Honestly, nailing down archetypes is going to be impossible without at least some degree of knowledge of the set. You can't sit down with nothing more than a sealed pool and figure out where each color combination is taking you because the picture you have is incomplete. What you can do, however, is look at the synergies in front of you, and decide whether or not you have the critical mass required to run a deck based on that synergy.

Generally speaking, 8-9 payoff cards is the minimum you want in a limited deck before devoting yourself to a certain synergy. If you're looking to get servos and proliferate triggers off of Saheeli, Sublime Artificer and Flux Channeler, you'll want at least 8-9 noncreature spells. More is, of course, always welcome, but if your build-arounds aren't strong enough to win the game on their own, you'll want more of them as well.

Outside of constrictive synergies and absent an overarching knowledge of the set archetypes, you'll want to make decisions based on the three basic archetypes: aggro, midrange, and control. Are all your strong cards high CMC? Do you have good removal and blockers for early game? Try control. Do you have efficient cards? Maybe some tempo plays? A good curve? That's midrange. And if your deck has great early game plays with a lot of creatures, aggro is probably the way to go.


I know most of what I've said here is fairly abstract and tricky to visualize without the cards in front of you. What I'd like to do now is give you something a little more concrete, some specific data you can use as a baseline to evaluate the cards you're seeing in limited.

Creature Quality - In most cases, creatures are judged by their floor moreso than their ceiling. The floor is the worst-case situation for any special abilities they may have plus their power/toughness compared to their CMC. A creature with X/X power/toughness that has CMC X is a good creature, based on the baseline. Not great, but playable. An aggro creature with Menace or Deathtouch is good. A defensive creature or a creature that's easy to trade off with Lifelink is good.

Common Spells - Bounce effects are very common, but their usefulness varies wildly from set to set. In War of the Spark, the common blue bounce spell Callous Dismissal is good. The amass works find on its own or with more amass, and two mana is generally the CMC that a deck wanting to play bounce wants to cast that bounce at. Bounce spells are best either in tempo decks like Simic that want to win relatively quickly without much removal or control decks that have powerful plays a turn or two later but need to survive to get there.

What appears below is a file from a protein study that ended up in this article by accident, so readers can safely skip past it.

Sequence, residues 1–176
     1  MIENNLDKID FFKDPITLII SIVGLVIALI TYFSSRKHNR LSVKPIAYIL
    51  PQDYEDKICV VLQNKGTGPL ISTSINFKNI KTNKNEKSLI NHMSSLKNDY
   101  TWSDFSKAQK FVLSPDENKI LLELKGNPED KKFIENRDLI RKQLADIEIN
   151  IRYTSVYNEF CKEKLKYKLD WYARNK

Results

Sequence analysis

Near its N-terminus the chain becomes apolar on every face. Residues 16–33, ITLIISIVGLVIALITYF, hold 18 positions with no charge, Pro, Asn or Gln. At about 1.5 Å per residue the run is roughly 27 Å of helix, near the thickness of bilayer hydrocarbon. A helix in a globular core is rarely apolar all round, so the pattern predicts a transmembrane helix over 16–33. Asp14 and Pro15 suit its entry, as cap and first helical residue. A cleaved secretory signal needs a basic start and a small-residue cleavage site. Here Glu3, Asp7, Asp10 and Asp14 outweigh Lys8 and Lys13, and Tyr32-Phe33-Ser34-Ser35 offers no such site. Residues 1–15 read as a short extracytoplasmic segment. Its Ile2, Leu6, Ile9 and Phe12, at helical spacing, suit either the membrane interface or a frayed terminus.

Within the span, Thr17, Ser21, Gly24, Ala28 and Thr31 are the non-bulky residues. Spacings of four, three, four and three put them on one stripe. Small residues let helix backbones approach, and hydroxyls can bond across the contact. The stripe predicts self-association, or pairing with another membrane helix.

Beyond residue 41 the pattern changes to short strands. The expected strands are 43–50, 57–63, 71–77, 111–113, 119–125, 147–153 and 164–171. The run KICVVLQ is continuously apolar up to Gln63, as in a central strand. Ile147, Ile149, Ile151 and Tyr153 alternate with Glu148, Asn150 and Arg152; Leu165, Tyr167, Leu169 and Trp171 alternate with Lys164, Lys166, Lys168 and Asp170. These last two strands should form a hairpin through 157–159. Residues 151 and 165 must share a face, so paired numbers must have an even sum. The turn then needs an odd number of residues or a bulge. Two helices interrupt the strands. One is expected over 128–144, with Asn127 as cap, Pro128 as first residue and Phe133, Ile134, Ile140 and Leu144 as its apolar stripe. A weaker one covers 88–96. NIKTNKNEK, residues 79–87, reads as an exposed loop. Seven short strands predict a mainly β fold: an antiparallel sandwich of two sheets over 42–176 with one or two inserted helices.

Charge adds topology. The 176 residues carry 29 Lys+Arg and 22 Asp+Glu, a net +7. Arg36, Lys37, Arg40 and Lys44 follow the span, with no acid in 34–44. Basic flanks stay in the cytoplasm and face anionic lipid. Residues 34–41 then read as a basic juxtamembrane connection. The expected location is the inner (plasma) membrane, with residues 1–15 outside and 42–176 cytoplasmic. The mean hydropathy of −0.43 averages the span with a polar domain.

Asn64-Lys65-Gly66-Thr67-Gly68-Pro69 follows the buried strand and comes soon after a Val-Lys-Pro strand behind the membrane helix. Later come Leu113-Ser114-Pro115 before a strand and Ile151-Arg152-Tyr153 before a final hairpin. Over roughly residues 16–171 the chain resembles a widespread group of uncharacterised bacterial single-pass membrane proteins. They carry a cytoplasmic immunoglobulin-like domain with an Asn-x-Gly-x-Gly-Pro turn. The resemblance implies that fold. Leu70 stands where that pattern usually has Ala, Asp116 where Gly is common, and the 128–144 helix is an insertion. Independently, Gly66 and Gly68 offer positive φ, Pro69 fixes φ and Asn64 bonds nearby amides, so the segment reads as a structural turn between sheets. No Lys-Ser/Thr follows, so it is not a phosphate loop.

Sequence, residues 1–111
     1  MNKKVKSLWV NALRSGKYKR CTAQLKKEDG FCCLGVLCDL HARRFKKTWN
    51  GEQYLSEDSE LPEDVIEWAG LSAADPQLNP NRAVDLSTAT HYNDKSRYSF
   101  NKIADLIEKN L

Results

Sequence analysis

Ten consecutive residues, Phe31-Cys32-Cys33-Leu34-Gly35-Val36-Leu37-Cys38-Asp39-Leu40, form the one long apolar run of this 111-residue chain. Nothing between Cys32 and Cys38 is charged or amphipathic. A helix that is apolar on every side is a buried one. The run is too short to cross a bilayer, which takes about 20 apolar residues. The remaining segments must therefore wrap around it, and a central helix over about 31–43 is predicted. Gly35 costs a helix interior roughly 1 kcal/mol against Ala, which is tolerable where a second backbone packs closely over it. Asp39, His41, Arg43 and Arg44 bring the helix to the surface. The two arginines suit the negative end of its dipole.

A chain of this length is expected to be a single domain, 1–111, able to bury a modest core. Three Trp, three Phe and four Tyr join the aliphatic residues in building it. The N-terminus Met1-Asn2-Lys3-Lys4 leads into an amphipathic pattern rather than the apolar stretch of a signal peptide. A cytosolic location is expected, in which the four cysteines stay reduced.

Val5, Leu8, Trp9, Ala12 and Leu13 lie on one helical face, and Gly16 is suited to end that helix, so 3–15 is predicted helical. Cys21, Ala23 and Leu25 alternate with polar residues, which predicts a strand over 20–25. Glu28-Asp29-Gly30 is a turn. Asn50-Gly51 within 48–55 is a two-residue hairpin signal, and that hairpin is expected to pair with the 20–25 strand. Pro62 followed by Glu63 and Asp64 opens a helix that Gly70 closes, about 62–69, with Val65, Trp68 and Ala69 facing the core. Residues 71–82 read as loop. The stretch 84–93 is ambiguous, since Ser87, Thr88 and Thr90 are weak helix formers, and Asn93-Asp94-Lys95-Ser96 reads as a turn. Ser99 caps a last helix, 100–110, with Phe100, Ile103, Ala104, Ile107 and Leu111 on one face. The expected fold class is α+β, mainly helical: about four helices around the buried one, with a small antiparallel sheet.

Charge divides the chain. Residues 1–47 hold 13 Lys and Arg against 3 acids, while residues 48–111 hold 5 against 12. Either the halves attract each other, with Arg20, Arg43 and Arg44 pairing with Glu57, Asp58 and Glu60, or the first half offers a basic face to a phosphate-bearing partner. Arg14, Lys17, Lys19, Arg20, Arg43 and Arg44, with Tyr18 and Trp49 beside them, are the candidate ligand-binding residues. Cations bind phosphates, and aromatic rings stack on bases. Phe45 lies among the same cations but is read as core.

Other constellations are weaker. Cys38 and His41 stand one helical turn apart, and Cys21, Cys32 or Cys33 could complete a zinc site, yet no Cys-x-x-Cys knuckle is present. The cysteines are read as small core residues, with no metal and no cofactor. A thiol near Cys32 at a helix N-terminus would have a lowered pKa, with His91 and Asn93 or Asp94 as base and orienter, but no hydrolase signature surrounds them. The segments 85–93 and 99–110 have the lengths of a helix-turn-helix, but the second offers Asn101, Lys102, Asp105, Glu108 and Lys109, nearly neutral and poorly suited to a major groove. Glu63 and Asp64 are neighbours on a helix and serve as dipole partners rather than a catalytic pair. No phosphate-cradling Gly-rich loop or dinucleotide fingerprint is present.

Fogs are almost universally worthless. Do not play them.

Draw spells are best compared to Divination. Paying 3 to draw 2 is good, and decks wanting to draw cards will almost always play at least 1 copy of it. Draw spells with a better rate than that or instant speed are great.

I'm not going to get too much into removal, as it's a huge subject on its own, but typically unconditional removal less than 4 CMC is great, while 5 CMC is good and 6+ CMC depends on what other text is on the card. Conditional removal is often good if the condition is by CMC (unless it's one or less) and it can be fine if it's by power or toughness. 3 is the sweet spot for that condition, much higher and it becomes less useful.

Combat tricks are usually good in aggro decks. Sure Strike is a solid trick that just about any aggro deck will enjoy playing 1 or 2 of. You'll want tricks that can finish off an opponent with an unexpected burst of damage or act as removal during combat. So +1/+0 or +2/+0 aren't so useful, and first strike is a valuable addition.

That's all I've got to say about evaluating cards. I hope you learned something useful somewhere during this rant. If you're looking for more limited resources, again, refer to the examples I mentioned at the beginning, specifically CFB and Limited Resources. Until next time, remember to first-pick the guildgate.